Targeting CD99 in association with doxorubicin: an effective combined treatment for Ewing's sarcoma.

Laboratorio di Ricerca Oncologica, Istituti Ortopedici Rizzoli, Bologna 40136, Italy.
European Journal of Cancer (Impact Factor: 4.82). 02/2006; 42(1):91-6. DOI: 10.1016/j.ejca.2005.09.015
Source: PubMed

ABSTRACT CD99 is a 32kDa surface glycoprotein that is involved in the migration of leukocytes, cell-cell adhesion and apoptosis of T cells and Ewing's sarcoma (ES) cells, two cell types with a high level of CD99 expression. Engagement of the molecule induces a rapid death signal that appears to be related to the level of expression of this antigen. The rapid apoptosis induced by agonistic anti-CD99 monoclonal antibodies is of clinical interest in ES, a tumour for which no new drugs have been described as clearly effective in the last 10 years. In this study, we show that an anti-CD99 monoclonal antibody can be used to advantage in association with doxorubicin. Striking effectiveness was observed against local tumours and metastases. No remarkably toxic effects of anti-CD99 monoclonal antibody were found in bone marrow against blood precursors. These results provide the necessary rationale and support for a novel modality of therapeutic intervention, which may have application in the care of patients with ES.

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    ABSTRACT: Ewing Sarcoma (EWS) is a mesenchymal-derived tumor that generally arises in bone and soft tissue. Intensive research regarding the pathogenesis of EWS has been insufficient to pinpoint the early events of Ewing sarcomagenesis. However, the Mesenchymal Stem Cell (MSC) is currently accepted as the most probable cell of origin. In an initial study regarding a deep characterization of MSC obtained specifically from EWS patients (MSC-P), we compared them with MSC derived from healthy donors (MSC-HD) and EWS cell lines. We evaluated the presence of the EWS-FLI1 gene fusion and EWSR1 gene rearrangements in MSC-P. The presence of the EWS transcript was confirmed by q-RT-PCR. In order to determine early events possibly involved in malignant transformation, we used a multiparameter quantitative strategy that included both MSC immunophenotypic negative/positive markers, and EWS intrinsic phenotypical features. Markers CD105, CD90, CD34 and CD45 were confirmed in EWS samples. We determined that MSC-P lack the most prevalent gene fusion, EWSR1-FLI1 as well as EWSR1 gene rearrangements. Our study also revealed that MSC-P are more alike to MSC-HD than to EWS cells. Nonetheless, we also observed that EWS cells had a few overlapping features with MSC. As a relevant example, also MSC showed CD99 expression, hallmark of EWS diagnosis. However, we observed that, in contrast to EWS cells, MSC were not sensitive to the inhibition of CD99. In conclusion, our results suggest that MSC from EWS patients behave like MSC-HD and are phenotypically different from EWS cells, thus raising important questions regarding MSC role in sarcomagenesis.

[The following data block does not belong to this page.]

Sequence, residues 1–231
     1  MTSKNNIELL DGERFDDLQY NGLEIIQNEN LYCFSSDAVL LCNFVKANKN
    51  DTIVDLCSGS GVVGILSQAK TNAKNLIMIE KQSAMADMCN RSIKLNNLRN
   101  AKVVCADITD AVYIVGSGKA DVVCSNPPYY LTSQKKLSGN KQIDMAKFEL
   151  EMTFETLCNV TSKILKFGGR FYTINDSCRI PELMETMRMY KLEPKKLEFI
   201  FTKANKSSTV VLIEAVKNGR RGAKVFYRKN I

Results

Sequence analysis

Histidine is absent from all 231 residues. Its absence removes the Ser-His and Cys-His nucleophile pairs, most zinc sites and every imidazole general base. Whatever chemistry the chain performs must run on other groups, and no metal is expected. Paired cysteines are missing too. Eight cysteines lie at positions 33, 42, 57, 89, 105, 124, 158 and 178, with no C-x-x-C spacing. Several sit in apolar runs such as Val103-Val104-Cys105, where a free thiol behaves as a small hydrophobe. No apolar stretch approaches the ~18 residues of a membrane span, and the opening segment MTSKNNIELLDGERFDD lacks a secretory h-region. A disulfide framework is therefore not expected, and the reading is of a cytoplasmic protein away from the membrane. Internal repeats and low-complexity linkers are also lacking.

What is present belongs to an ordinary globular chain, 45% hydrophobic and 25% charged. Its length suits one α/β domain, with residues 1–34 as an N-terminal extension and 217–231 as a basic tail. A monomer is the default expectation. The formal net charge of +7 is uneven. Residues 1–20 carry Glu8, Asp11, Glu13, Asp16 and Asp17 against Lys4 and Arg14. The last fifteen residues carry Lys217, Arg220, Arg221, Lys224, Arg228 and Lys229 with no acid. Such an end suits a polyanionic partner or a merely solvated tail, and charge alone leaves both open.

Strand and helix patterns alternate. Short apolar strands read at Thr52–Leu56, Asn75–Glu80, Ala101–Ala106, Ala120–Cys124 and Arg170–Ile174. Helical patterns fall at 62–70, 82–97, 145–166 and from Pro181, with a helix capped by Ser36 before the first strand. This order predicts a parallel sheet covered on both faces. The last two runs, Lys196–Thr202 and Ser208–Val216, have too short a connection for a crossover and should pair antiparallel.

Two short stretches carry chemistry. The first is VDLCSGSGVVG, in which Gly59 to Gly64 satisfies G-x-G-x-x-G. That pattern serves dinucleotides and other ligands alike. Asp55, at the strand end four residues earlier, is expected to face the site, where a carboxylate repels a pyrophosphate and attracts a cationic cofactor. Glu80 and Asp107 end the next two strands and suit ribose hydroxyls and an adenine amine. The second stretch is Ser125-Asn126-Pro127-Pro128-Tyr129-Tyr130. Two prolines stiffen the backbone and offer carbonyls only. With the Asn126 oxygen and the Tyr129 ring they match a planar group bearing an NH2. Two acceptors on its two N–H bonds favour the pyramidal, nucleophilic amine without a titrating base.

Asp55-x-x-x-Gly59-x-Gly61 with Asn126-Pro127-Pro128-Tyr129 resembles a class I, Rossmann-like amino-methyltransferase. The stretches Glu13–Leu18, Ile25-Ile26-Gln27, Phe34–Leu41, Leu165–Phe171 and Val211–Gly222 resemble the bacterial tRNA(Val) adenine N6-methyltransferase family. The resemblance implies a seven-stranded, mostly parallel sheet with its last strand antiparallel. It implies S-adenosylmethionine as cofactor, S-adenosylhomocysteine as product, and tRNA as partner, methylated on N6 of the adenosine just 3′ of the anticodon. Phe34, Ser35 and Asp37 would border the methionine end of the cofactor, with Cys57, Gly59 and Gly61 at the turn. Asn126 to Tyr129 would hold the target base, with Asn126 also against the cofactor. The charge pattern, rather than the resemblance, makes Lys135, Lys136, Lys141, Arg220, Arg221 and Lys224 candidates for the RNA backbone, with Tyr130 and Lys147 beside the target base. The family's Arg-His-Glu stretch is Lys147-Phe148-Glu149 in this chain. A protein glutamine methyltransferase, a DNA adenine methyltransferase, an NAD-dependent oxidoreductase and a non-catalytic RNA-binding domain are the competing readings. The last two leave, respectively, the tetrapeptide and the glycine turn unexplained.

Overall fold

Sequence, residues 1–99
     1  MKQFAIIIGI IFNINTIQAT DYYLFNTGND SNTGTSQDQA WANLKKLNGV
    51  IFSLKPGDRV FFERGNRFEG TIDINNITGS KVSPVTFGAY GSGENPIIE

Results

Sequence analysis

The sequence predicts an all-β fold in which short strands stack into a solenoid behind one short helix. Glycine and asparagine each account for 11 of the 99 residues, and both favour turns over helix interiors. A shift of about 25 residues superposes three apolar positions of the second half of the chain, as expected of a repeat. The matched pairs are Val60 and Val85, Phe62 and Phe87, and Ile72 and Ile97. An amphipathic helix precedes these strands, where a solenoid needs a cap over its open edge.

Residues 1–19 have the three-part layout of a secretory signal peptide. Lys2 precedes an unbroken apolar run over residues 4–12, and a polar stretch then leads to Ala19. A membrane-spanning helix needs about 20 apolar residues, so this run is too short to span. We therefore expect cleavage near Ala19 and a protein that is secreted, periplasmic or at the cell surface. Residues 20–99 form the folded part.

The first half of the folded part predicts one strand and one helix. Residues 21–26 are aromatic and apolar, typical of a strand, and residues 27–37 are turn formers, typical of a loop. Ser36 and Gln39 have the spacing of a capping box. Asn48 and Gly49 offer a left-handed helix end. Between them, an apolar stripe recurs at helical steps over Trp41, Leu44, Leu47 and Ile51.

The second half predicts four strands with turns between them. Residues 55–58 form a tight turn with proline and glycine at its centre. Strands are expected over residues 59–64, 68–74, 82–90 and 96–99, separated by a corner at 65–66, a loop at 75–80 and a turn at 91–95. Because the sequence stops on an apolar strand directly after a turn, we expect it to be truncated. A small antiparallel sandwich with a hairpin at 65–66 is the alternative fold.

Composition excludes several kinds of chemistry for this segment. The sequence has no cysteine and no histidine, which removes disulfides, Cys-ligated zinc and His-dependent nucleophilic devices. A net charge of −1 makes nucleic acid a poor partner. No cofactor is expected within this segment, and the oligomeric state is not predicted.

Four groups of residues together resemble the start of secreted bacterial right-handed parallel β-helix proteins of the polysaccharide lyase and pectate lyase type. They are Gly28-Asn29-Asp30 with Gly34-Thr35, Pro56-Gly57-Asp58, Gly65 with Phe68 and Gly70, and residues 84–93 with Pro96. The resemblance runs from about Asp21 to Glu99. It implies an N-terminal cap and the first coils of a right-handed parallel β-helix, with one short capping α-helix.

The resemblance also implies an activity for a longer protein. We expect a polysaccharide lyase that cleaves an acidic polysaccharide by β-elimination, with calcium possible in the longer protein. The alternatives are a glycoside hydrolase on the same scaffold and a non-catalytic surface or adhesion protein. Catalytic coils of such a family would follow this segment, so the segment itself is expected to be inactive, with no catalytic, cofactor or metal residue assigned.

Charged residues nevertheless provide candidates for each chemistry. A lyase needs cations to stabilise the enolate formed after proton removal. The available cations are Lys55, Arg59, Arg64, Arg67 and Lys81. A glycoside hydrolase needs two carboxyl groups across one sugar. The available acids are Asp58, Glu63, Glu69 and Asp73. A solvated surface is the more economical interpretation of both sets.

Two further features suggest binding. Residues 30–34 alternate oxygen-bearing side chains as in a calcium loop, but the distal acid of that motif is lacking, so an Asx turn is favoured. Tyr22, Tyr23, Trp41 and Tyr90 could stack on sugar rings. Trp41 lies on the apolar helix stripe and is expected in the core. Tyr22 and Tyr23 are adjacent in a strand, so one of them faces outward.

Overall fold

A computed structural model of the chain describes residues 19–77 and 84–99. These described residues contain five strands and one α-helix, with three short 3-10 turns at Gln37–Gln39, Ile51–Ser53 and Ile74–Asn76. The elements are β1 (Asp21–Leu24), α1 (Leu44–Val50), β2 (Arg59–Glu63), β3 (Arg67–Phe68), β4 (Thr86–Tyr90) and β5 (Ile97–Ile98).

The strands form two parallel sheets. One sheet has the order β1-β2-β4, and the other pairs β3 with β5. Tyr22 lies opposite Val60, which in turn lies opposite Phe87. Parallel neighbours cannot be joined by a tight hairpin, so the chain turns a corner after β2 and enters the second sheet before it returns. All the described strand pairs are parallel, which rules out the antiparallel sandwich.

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    ABSTRACT: The Ewing sarcoma family of tumors (ESFT) is defined by cell surface expression of CD99 and a translocation involving EWS and an ETS partner. Cytotoxic chemotherapy remains the benchmark of first- and second-line therapy, and although the majority of patients with localized disease are cured, almost one third of patients relapse or progress from their disease. Moreover, cure remains elusive in most patients who present with distant metastases. In recent years, the ESFT literature has been dominated by reports of attempts at modulating the insulin-like growth factor (IGF) receptor (IGFR). Unfortunately, three phase II studies examining inhibiting antibodies to IGFR-1 published disappointing results. Whether these results were due to failure to modulate the pathway or other limitations in study design and/or patient selection remain unclear. Other novel strategies currently being investigated in ESFT include tyrosine kinase, mammalian target of rapamycin (mTOR), and poly(ADP-ribose) polymerase (PARP) inhibitors.
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